General News

UN report finds Iran’s LGBTQ+ community face regular violence

Rachel Badham February 15, 2021


A new report released by the United Nations on Wednesday 10 February found Iran is unsafe for the LGBTQ+ community, with many queer people (including minors) facing electric shock conversion therapy, beatings or death. The UN found treatment of LGBTQ+ Iranians ranged from “beatings and flogging” to “forms of psychological abuse such as enforced seclusion and isolation from friends and society, neglect and abandonment, verbal insults and death threats”. Same-sex relations are strictly criminalised in the country, with queer woman facing 100 lashes, and men being given the death penalty. 

Following the release of the report, UN representative for Islamic Republic of Iran, Javaid Rehman, said that they are “concerned at reports that lesbian, gay, bisexual and transgender children were subjected to electric shocks and the administration of hormones and strong psychoactive medications.” Rehman added: “These practices amount to torture and cruel, inhuman and degrading treatment, and violate the State’s obligations under the International Covenant on Civil and Political Rights and the Convention on the Rights of the Child.”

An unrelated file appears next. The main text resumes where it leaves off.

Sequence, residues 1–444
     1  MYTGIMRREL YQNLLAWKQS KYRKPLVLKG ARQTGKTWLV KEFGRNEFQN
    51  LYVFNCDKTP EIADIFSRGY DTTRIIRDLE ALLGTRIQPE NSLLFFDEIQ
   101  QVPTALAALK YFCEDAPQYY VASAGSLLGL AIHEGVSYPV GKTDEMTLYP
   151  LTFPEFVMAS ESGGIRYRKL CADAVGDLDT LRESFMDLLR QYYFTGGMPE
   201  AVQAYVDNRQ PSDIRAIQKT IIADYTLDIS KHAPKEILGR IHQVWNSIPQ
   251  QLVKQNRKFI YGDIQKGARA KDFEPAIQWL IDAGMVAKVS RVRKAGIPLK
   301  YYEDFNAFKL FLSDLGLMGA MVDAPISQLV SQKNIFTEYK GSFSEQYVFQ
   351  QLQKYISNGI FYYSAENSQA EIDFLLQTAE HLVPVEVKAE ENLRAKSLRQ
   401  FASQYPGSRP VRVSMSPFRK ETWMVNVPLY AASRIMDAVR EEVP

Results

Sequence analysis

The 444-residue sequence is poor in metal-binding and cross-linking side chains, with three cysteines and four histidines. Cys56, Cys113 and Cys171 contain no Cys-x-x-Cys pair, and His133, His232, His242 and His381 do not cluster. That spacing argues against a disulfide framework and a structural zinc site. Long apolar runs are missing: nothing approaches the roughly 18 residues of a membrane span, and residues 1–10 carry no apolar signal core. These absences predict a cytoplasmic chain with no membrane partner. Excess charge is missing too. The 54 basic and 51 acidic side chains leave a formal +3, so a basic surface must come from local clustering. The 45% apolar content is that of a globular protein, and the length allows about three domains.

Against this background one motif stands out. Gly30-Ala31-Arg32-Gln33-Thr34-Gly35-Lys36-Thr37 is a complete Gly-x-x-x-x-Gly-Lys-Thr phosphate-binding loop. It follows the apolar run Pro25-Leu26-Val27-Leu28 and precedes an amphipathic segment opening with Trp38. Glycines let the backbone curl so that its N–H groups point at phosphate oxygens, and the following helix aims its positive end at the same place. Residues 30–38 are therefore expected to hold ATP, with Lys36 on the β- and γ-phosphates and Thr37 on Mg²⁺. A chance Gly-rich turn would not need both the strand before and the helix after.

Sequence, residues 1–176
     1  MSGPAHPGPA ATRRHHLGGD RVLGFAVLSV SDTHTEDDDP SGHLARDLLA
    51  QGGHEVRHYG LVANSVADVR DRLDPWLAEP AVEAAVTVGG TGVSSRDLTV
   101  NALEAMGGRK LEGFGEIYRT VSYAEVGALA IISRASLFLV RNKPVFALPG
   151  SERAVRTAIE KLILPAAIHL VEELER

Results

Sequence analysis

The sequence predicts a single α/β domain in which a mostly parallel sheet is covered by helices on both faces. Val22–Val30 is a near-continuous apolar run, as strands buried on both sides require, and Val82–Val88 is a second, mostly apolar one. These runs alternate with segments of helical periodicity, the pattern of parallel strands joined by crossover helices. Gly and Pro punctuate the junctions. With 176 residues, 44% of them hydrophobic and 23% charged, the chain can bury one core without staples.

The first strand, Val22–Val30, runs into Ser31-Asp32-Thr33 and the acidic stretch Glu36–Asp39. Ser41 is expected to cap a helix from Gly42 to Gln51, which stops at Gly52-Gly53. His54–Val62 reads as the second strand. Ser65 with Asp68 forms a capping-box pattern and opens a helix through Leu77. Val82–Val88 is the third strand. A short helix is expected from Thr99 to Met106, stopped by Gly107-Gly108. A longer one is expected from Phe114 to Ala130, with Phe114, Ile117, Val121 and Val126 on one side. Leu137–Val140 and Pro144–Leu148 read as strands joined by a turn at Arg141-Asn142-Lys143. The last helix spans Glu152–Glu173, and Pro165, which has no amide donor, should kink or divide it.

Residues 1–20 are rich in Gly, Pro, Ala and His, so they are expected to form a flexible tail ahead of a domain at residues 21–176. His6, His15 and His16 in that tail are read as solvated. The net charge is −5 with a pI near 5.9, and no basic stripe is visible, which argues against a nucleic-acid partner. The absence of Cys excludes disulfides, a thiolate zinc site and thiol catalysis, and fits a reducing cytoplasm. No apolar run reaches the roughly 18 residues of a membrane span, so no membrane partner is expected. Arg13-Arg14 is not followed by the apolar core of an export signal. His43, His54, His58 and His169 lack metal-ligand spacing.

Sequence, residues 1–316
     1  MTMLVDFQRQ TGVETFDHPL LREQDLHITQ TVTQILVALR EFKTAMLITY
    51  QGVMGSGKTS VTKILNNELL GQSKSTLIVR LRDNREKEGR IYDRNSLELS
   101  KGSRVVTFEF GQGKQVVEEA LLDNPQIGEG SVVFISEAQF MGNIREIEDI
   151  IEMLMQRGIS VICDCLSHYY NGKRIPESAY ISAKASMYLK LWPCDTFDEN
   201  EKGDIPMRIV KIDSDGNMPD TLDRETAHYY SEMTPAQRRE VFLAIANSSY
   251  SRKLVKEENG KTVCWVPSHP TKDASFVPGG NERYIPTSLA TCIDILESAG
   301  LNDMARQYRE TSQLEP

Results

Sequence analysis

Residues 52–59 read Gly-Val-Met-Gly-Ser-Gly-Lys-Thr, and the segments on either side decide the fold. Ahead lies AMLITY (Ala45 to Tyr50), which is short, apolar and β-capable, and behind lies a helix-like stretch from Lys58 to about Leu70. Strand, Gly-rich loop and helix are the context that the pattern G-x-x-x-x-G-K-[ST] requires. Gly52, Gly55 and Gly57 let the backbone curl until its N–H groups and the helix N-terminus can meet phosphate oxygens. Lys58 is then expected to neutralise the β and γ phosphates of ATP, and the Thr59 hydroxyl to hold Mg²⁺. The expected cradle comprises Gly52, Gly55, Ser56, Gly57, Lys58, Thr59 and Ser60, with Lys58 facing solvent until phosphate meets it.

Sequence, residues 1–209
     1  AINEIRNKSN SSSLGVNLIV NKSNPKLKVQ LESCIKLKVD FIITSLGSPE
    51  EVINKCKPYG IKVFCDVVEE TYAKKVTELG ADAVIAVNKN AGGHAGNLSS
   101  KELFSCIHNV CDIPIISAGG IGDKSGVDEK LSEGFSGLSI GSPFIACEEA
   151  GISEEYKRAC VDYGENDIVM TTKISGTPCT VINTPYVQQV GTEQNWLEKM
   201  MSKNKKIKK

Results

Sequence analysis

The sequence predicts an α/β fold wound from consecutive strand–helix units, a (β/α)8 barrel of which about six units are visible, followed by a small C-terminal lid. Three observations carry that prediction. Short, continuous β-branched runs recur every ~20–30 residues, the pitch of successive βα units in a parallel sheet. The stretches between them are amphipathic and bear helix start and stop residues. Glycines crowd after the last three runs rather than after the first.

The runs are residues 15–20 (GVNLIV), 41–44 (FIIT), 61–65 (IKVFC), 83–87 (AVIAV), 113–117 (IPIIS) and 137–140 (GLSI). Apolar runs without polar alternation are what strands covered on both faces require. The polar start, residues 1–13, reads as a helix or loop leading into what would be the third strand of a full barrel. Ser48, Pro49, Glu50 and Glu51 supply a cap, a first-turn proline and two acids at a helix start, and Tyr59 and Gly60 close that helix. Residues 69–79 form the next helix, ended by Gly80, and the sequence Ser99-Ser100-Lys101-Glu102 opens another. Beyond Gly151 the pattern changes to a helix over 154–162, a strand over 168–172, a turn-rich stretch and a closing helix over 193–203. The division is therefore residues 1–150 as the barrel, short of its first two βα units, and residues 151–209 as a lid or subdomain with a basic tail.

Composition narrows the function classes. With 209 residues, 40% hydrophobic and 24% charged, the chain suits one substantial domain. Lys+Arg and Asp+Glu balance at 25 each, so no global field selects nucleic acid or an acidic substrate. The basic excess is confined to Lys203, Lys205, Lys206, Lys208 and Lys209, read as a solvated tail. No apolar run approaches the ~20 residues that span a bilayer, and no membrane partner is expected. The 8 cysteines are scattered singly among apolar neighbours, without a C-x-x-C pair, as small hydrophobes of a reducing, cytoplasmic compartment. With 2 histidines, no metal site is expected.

British LGBTQ+ activist, Peter Tatchell, condemned the treatment of queer people in Iran, telling The Jerusalem Post: “It is a shocking revelation that the Iranian regime subjects LGBTQ+ children to electric shocks, hormone treatments and psychoactive medications in a bid to ‘cure’ their sexual orientation & gender identity. These abuses echo anti-LGBTQ+ medical treatments by the Nazis and other fascist regimes. Javaid Rehman rightly condemns these abuses as a form of torture and in violation of international human rights law. Iran should be expelled from international medical associations and conferences.”